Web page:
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Dispensationalism -- Is there a progressive plan?

Acts 10:43
To him give all the prophets witness, that through his name whosoever believeth in him shall receive remission of sins.

See Acts 10:43. Noting the development of systems such as "Dispensationalism," discuss whether or not the Bible recognizes the progressive development of God's plan through various dispensations. If not, explain your view of salvation.   If so, explain how people were saved in the Old Testament, noting specifically how salvation in that dispensation relates to the salvation of this dispensation, the Church Age. Were there different plans of salvation for different dispensations?

It is clear that salvation is from God. God is called Savior in the Old Testament and Jesus is Savior in the New Testament. Further, the New Testament words of Jesus makes it clear that all of Scripture is really about Christ.

Luke 24:25-27 (KJV)
25 Then he said unto them, O fools, and slow of heart to believe all that the prophets have spoken: 26 Ought not Christ to have suffered these things, and to enter into his glory? 27 And beginning at Moses and all the prophets, he expounded unto them in all the scriptures the things concerning himself.

If, then, God is Savior, and Jesus is the path to salvation, and the entirety of Scriptures are about Jesus, then Jesus, being God, is Savior in the Old Testament as well. Further, it is clear that all of Scripture defines salvation as belief in God. Our verses above from John demonstrate this fact for the New Testament. The proof text for the Old Testament is Genesis 15:6:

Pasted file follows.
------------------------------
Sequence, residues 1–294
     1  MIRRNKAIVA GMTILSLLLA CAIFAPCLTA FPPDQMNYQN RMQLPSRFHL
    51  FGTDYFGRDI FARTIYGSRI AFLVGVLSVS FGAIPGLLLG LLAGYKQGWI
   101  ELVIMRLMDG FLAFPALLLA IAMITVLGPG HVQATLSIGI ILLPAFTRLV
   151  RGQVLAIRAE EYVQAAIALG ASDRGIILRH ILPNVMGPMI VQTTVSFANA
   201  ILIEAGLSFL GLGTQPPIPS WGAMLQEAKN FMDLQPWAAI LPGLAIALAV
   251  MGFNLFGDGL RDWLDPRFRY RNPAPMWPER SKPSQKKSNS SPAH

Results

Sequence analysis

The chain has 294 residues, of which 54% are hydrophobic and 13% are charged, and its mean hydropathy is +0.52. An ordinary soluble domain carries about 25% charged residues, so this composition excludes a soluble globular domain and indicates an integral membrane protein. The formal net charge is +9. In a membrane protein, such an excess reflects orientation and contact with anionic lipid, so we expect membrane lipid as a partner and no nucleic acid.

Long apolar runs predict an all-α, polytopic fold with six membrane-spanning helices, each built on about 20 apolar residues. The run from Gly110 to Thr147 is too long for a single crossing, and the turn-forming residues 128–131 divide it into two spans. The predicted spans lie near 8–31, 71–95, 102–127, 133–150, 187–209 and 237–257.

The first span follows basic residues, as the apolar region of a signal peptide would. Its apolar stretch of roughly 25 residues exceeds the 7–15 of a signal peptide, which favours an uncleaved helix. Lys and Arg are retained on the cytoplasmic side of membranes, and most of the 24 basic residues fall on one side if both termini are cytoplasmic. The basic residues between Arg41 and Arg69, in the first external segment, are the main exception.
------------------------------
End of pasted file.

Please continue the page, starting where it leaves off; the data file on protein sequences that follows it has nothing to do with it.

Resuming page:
And he believed in the LORD; and he counted it to him for righteousness.

Paul addresses this entire issue in Romans 4. Having declared the Jewish nation just as sinful as the Gentiles (Romans 2-3), Paul turns to the question that should have absorbed the typical Jewish reader. The question (Rom 4:1) might be better understood if we state it this way: Our Father Abraham came before the law. How was he justified? Was he justified by the law? This is obviously a serious question. Abraham is clearly the Father of the Jewish nation. From this patriarch they all trace their heritage. Or, as the NIV phrases it, what did Abraham discover in this matter?

Paul has just argued that the Israelite is as sinful as the Gentiles they have always looked down upon. Yet, says Paul, mere obedience to any form of the law will not justify one in the sight of God. Where, then, does Abraham sit in this argument? For, it should seem apparently that the Jewish nation sits where Abraham sits. 

The point Paul will make is that Abraham was not saved because of his works. The patriarch was saved because of or on account of his faith. This would have been a startling message to the Jews of Paul's day. Abraham becomes the proof of what Paul has just taught at the end of Romans 3. Abraham was justified by faith!

The Jews have always been prideful of Abraham. This pride is properly placed if Abraham has done something to earn his salvation. After all, Abraham packed up and moved out when called upon by God. Is not this a work? Was it not the fact that Abraham obeyed and acted that causes God to justify him? 


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October 25, 2021

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